Opelikas George W. Andrews Federal Building and U.S. Courthouse is a Neo-Classical Revival Style building located near the citys central commercial core. Completed in 1918, the building occupies the southwest corner of the intersection of South Seventh Street and Avenue A. Its faade faces north and is seven bays wide with a central five-bay pavilion. The side elevations are four bays wide. On the rear elevation, the first floor extends for one bay beyond the face of the floors above. Also on the rear elevation is a wood frame mailing platform. Green space on the site is limited to narrow strips of grass adjacent to the base of the building. Holly bushes have been planted at the base of the faade flanking the main entry stair. A paved parking area is located along the south and west sides of the building and is enclosed with an approximately 6 tall iron security fence.
The Federal Building and Courthouse is rectangular in mass and three stories tall over a full basement. A balustraded parapet wall conceals a flat/low-slope roof. The building is faced with a deep red brick veneer over a masonry and concrete slab structure. A granite water table terminates the brick faced basement level. The buildings first story has deep rustication channels set into the brick masonry which angle down at the voussoirs of the arches over the windows. This arrangement results in unique elongated voussoirs above the first floor openings. The building entrance is articulated by five deeply recessed arches. The three central arches contain wood paneled, double doors, while the outside arches contain ten-over-ten, double-hung sash windows. A wide granite stair leads to the main entry bays, over which there are metal letters mounted to the masonry that indicate the name of the building; George W. Andrews Federal Building. The four original cast iron sconces set between the entry bays were replaced with modern fixtures in the 1960s.
A terra cotta belt course separates the first and second stories on all elevations. The pavilion is articulated by massive pilasters with stone bases and capitals. Within the pavilion the second story windows have arched heads and contain ten-light French doors surmounted by four-light transoms. The French doors lead to false balconies with decorative iron rails. Within the tympanum of the arched windows are terra cotta block panels with decorative relief. The other windows on the second floor have flat heads. The third floor windows are eight-over-eight, double-hung sash with flat heads. The third floor windows match those in the outer bays of the first floor.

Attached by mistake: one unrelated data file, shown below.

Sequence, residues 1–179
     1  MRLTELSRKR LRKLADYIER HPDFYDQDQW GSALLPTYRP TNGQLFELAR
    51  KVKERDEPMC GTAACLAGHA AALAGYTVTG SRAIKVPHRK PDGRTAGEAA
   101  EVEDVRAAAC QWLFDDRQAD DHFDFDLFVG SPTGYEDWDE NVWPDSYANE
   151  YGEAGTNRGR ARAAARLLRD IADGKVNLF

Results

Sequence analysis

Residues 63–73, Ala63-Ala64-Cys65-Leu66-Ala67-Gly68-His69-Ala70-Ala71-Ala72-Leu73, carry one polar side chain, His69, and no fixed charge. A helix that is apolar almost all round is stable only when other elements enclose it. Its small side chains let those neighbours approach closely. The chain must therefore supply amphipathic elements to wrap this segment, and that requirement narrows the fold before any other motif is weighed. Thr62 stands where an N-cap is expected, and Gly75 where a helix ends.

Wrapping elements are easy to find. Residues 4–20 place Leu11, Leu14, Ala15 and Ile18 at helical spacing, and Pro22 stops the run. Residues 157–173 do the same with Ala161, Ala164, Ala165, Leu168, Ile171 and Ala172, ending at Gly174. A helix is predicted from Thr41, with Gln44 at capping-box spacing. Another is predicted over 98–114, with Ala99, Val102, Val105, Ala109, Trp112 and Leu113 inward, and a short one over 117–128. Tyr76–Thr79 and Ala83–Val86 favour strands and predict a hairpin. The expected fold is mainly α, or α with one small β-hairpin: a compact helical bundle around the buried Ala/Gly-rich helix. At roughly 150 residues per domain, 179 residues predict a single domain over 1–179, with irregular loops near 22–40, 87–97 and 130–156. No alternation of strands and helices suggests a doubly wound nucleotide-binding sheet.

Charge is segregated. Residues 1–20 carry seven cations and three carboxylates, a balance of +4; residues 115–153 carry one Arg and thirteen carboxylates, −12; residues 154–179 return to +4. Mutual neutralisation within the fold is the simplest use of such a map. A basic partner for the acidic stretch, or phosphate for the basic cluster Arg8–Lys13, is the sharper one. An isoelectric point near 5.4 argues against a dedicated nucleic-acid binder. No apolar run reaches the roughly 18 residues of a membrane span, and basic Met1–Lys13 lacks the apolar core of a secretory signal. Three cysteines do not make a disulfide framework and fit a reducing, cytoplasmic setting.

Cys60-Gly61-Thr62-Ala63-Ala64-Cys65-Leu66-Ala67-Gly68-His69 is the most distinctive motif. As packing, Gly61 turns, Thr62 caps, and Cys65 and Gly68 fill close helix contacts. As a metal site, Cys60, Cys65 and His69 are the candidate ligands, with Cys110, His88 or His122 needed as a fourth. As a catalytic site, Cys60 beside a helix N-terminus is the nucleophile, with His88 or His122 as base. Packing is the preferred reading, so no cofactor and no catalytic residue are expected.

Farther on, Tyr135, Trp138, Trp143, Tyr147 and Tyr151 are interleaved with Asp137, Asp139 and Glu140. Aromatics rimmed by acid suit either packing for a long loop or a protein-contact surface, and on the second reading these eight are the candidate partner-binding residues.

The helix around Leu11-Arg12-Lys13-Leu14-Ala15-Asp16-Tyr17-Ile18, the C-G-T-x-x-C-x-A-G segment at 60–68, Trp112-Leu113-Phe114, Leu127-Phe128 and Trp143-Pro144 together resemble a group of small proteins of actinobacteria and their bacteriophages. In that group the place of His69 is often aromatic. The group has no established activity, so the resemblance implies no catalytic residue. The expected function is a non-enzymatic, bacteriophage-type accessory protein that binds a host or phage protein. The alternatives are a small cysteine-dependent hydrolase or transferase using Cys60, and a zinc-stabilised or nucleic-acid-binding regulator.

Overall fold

The east and west elevations are identical. A terra cotta cornice, with dentils and a brick frieze, is present on all elevations. Above this is a brick parapet wall with a terra cotta cap and balustraded panels over each bay. The low slope roof is set behind the parapet wall and is not visible from the street. A brick elevator penthouse and chimney extend above the roof level.
On the rear elevation, the outermost bays are identical to the corresponding bays on the faade. The first floor of the rear elevation extends out beyond the floors above and its rear wall is almost entirely fenestration. Each bay of the one-story extension contains three, 15-light windows surmounted by six-lite transoms, separated by paired pilasters. Extending from the center of the rear wall is a wood frame mailing platform. The mailing platform has a series of framed openings that contain no windows. The interior of the mailing platform is presently open to the weather.
At the second floor level of the rear elevation are tall, arched twenty-four-light, courtroom windows. The lower unit of these windows is operable while the arched upper unit is fixed. Within the projecting pavilion, the Courtroom windows are flanked by twelve-over-twenty, double-hung sash units. Above these, at the third floor level, are oculus embellished by four keystones. Above the Courtroom windows are three inset brick panels. The balustraded panels within the parapet wall are present above the three Courtroom windows.